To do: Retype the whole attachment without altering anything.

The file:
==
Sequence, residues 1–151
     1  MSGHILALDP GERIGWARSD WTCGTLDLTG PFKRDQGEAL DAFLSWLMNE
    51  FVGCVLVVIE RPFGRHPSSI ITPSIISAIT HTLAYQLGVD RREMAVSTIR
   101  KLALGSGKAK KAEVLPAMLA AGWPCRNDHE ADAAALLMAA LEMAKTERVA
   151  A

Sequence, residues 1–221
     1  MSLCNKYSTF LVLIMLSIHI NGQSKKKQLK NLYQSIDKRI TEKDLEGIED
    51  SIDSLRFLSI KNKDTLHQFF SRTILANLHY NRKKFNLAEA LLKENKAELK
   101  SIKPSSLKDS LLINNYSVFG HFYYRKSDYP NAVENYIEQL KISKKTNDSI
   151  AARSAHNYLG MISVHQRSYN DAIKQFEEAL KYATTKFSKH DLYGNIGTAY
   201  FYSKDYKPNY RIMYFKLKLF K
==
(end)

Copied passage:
Sequence, residues 1–151
     1  MSGHILALDP GERIGWARSD WTCGTLDLTG PFKRDQGEAL DAFLSWLMNE
    51  FVGCVLVVIE RPFGRHPSSI ITPSIISAIT HTLAYQLGVD RREMAVSTIR
   101  KLALGSGKAK KAEVLPAMLA AGWPCRNDHE ADAAALLMAA LEMAKTERVA
   151  A

Sequence, residues 1–221
     1  MSLCNKYSTF LVLIMLSIHI NGQSKKKQLK NLYQSIDKRI TEKDLEGIED
    51  SIDSLRFLSI KNKDTLHQFF SRTILANLHY NRKKFNLAEA LLKENKAELK
   101  SIKPSSLKDS LLINNYSVFG HFYYRKSDYP NAVENYIEQL KISKKTNDSI
   151  AARSAHNYLG MISVHQRSYN DAIKQFEEAL KYATTKFSKH DLYGNIGTAY
   201  FYSKDYKPNY RIMYFKLKLF K